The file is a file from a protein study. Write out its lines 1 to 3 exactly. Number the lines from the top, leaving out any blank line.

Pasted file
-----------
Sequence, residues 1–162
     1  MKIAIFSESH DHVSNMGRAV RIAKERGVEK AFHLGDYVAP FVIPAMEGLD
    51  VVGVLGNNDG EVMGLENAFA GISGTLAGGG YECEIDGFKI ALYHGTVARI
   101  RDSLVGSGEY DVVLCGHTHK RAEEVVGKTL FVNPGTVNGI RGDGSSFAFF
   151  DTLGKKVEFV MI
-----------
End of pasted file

Sequence, residues 1–162
     1  MKIAIFSESH DHVSNMGRAV RIAKERGVEK AFHLGDYVAP FVIPAMEGLD
    51  VVGVLGNNDG EVMGLENAFA GISGTLAGGG YECEIDGFKI ALYHGTVARI